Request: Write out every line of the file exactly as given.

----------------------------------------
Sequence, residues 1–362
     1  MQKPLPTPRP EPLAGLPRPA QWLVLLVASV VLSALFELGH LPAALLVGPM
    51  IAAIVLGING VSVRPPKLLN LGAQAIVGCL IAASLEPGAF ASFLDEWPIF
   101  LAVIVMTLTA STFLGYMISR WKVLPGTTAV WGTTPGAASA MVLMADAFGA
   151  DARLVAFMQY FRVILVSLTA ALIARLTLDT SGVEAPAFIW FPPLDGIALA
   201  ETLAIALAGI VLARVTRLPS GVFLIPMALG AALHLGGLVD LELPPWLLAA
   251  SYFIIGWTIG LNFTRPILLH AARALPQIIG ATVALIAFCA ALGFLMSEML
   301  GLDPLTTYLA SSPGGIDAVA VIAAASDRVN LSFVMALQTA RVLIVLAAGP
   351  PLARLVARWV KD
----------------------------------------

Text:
Sequence, residues 1–362
     1  MQKPLPTPRP EPLAGLPRPA QWLVLLVASV VLSALFELGH LPAALLVGPM
    51  IAAIVLGING VSVRPPKLLN LGAQAIVGCL IAASLEPGAF ASFLDEWPIF
   101  LAVIVMTLTA STFLGYMISR WKVLPGTTAV WGTTPGAASA MVLMADAFGA
   151  DARLVAFMQY FRVILVSLTA ALIARLTLDT SGVEAPAFIW FPPLDGIALA
   201  ETLAIALAGI VLARVTRLPS GVFLIPMALG AALHLGGLVD LELPPWLLAA
   251  SYFIIGWTIG LNFTRPILLH AARALPQIIG ATVALIAFCA ALGFLMSEML
   301  GLDPLTTYLA SSPGGIDAVA VIAAASDRVN LSFVMALQTA RVLIVLAAGP
   351  PLARLVARWV KD